The hybrid particles, referred to as ‘core-shell-nanoparticles’, are composed of magnetite (Fe3O4) or hematite (Fe2O3). You can imagine them as nanoscale, non-toxic “rust” about 30 nm in diameter which are sprinkled into oil-contaminated water. The benefit of operating at the nanoscale is that such nanoparticles exhibit a huge free surface area for the hydrocarbons to bind efficiently, and the chained molecules on the nanoparticles’ surface also provide an attractive point of interaction.

Adding such core-shell nanoparticles to oil-contaminated water causes the oil to spontaneously surround the magnetic particles. If we then apply an external magnetic field, the particles join together, and the aggregate can be removed from water (which you can watch here). After magnetic removal, the core-shell nanoparticles can be recycled and reused several times over.


The concept works reliably and efficiently for various hydrocarbons, including crude oil. Each nanoparticle can remediate up to 14-times its volume in oil and can perform its function for multiple cycles. Crucially, the particles work in various water sources (tested in the lab and seawater) and at various temperatures [1]. By slightly modifying the chain structures we have also demonstrated that we can extend the scope of the concept to other contaminants such as PCBs, polyaromatics found in coal or tar, [2] and the aforementioned herbicide glyphosate [3].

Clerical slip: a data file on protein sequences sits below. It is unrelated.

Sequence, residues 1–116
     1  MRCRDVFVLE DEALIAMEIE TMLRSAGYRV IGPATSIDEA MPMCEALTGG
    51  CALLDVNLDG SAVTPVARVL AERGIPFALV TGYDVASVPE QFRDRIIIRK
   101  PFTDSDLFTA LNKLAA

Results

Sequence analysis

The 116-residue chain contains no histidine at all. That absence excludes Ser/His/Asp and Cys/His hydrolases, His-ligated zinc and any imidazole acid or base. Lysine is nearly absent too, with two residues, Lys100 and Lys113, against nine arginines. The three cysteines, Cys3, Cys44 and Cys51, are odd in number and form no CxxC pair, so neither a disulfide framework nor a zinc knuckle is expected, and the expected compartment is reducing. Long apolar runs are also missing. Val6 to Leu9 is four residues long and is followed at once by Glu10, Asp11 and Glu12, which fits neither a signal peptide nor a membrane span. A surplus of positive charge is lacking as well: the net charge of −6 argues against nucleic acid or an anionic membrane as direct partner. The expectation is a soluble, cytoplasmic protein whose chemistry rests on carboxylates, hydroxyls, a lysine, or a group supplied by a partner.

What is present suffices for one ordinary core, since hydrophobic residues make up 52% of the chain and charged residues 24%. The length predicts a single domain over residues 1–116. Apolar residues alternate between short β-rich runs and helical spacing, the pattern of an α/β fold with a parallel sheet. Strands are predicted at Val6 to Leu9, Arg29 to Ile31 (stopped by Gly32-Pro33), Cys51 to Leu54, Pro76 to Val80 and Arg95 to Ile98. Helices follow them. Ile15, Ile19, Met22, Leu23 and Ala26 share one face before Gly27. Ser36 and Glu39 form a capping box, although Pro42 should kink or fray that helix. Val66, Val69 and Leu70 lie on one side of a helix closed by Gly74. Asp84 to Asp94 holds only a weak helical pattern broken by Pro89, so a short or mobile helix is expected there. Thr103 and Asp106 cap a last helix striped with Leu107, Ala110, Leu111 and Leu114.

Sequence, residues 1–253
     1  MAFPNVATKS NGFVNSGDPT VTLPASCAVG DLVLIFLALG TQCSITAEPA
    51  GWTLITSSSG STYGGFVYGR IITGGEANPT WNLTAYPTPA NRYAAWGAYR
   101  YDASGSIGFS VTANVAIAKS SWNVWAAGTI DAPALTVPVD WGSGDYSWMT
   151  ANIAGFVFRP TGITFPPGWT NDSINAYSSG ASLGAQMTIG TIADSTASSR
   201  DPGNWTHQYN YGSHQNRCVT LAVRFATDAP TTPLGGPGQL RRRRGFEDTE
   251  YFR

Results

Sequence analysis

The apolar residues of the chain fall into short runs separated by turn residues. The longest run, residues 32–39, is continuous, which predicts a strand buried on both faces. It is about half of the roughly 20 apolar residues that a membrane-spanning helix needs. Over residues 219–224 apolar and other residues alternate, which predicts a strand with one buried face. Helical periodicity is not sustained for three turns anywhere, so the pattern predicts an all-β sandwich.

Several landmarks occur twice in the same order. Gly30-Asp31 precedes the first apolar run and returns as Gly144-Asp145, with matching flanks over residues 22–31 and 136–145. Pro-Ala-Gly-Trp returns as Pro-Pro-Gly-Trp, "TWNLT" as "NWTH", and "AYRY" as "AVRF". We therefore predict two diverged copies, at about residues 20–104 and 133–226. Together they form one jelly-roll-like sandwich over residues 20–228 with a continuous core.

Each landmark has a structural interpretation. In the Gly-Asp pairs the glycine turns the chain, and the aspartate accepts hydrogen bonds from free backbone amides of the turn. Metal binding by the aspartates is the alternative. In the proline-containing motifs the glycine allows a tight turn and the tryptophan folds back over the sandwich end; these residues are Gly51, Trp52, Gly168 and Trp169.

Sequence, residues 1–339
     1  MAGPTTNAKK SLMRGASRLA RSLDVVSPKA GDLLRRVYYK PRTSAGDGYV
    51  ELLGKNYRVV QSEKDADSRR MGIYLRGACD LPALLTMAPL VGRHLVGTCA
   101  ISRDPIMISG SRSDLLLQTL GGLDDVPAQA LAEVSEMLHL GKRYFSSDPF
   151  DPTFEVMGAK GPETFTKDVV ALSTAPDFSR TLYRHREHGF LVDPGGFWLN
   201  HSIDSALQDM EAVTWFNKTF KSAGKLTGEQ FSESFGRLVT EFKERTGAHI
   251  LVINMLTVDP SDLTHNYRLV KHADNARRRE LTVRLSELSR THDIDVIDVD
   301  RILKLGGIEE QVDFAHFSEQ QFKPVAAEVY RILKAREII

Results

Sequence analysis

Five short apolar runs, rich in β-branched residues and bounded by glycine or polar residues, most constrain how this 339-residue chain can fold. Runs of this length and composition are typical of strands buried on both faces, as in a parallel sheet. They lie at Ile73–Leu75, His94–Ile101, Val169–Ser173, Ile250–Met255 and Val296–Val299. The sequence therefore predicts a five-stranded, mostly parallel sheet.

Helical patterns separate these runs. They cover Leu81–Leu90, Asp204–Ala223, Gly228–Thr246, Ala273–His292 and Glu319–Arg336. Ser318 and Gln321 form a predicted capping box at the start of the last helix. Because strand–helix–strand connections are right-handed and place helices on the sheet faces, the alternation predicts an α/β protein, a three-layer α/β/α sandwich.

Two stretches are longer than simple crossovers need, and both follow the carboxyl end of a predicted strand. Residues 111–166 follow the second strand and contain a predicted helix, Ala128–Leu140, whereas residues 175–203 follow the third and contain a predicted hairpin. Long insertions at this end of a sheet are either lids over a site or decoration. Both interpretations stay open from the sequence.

The future

Currently, the team is working to expand the application of the concept towards remediation of both toxic hydrocarbons and micro- and nanoplastics; a challenging engineering approach in that endeavour is to develop technical solutions that magnetically separate nano-sized objects from wastewater streams. As we work towards securing investors, commercializing magnetic water cleaning, and expanding its flexibility, we hope it will help people around to access to clean water more easily.

References

  1. M. Sarcletti, D. Vivod, T. Luchs, T. Rejek, L. Portilla, L. Müller, H. Dietrich, A. Hirsch, D. Zahn and M. Halik Superoleophilic Magnetic Iron Oxide Nanoparticles for Effective Hydrocarbon Removal from Water” Advanced Functional Materials 29 (2019) 1805742 https://doi.org/10.1002/adfm.201805742
  2. T. Luchs, M. Sarcletti, L. Zeininger, L. Portilla, C. Fischer, S. Harder, M. Halik and A. Hirsch “Highly Efficient Encapsulation and Phase Separation of Apolar Molecules by Magnetic Shell‐by‐Shell‐Coated Nanocarriers in Water” Chem. Eur. J. 24 (2018) 13589-13595. https://doi.org/10.1002/chem.201802419
  3. H. Park, A. May, L. Portilla, H. Dietrich, F. Münch, T. Rejek, M. Sarcletti, L. Banspach, D. Zahn and Marcus Halik “Magnetite nanoparticles as efficient materials for removal of glyphosate from water” Nature Sustainability

    https://doi.org/10.1038/s41893-019-0452-6

Profile Halik
More on the author, Marcus Halik

Marcus Halik is a Professor at the Institute of Polymer Materials at the Materials Science Department of the Friedrich-Alexander University Erlangen-Nürnberg in Germany. He is a chemist by training with significant experience designing and engineering organic materials, nanomaterials, and hybrid systems.

Become a contributor

Related Articles